It also posits that the Indian industry remains uncompetitive because of active incentives for MSMEs to remain sub-scale and operate in low-tech areas, with such sops being withdrawn the moment the small unit succeeds.

On why the Indian share in exports remains minuscule, the authors have a bit of fun at the expense of the ‘China-is-a-dictatorship-so-it-has-it-easy’ theory. They argue instead that India has not managed to replicate even a fraction of the Chinese success in manufacturing because it has gone about it in a topsy-turvy fashion. China fashioned its remarkable industrial success around the rapid modernisation of its satellite towns. To develop its industrial hubs and SEZs, China first built highly liveable urban centres with great health, education and public infrastructure, which proved a draw for highly skilled workers and foreign investors. Vibrant industrial clusters automatically followed.

In India though, attempts to develop SEZs and industrial estates have centred around offering tax breaks to get industries to explore undeveloped backward areas, with nary a thought to the dodgy infrastructure and poor living conditions that would put off both employees and investors.

In fact, if there’s one abiding theme running through the book, it is that Indian policymakers have messed up by consistently taking the wrong turn when it comes to making the choice between growth and equity. Seeking spectacular growth, they start off with market-driven policies in every sector, but soon veer off to socialistic attempts to temper it by redistributing its fruits, so that enterprises have a hard time surviving.

In short, they follow the credo of Bollywood’s favourite villain Ajit, whose one-liner is cited in the book: “Raabert, isko liquid oxygen mein daal do. Liquid ise jeene nahi dega aur oxygen ise marne nahi dega”. (Dunk the hero in liquid oxygen. The liquid won’t let him live and the oxygen won’t let him die).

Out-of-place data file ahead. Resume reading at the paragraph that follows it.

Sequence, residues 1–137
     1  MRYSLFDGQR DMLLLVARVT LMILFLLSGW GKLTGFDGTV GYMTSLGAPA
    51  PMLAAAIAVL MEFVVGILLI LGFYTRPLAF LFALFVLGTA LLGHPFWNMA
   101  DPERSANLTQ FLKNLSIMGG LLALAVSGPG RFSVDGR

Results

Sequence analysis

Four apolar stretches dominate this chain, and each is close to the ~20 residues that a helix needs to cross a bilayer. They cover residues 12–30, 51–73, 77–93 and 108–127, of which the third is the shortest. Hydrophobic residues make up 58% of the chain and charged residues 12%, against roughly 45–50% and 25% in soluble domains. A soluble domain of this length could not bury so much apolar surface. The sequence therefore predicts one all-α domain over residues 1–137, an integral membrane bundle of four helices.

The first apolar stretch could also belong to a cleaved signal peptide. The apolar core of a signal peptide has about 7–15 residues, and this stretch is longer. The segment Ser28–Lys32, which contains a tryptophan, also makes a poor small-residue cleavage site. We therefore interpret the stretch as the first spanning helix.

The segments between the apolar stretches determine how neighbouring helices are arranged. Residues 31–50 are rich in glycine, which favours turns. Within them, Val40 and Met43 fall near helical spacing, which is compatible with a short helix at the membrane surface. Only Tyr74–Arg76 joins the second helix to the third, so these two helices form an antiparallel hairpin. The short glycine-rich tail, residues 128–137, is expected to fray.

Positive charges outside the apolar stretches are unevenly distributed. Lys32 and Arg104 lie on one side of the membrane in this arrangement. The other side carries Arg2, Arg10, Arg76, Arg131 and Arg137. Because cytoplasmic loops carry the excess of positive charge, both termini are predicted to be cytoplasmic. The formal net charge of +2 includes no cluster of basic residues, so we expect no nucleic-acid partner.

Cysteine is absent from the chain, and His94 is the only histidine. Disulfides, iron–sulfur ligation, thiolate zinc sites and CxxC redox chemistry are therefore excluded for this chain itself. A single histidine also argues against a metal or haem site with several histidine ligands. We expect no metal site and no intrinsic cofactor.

Provoking opinions

Depending on whether you are an academic or a layperson, you may either be shocked or pleasantly surprised by such citations and the fact that book does not hedge its opinions in the accepted style of serious academic works. The last chapter critiques the Indian Constitution for being complicated and confusing and giving the state unnecessary powers to micromanage the lives of citizens; it calls for rewriting it.

A slightly jarring aspect of the book is the uneven writing style. While initial chapters are data-heavy and present reams of background information to back their diagnosis and solutions, the later ones dive straight into the prescriptions without such preliminaries and are opinion-heavy.

Overall, you may either agree with this book’s contents or disagree vehemently, but you are likely to read it nevertheless for its provocative contents. It also provides a ready answer to what the government should be doing about the slowing growth trajectory — preferably, nothing. In the authors’ opinion, undoing state interventions and letting the invisible hand of the market do its job seems to be the best way to let the derailed sectors of the Indian economy attain their full potential.

Published on March 02, 2020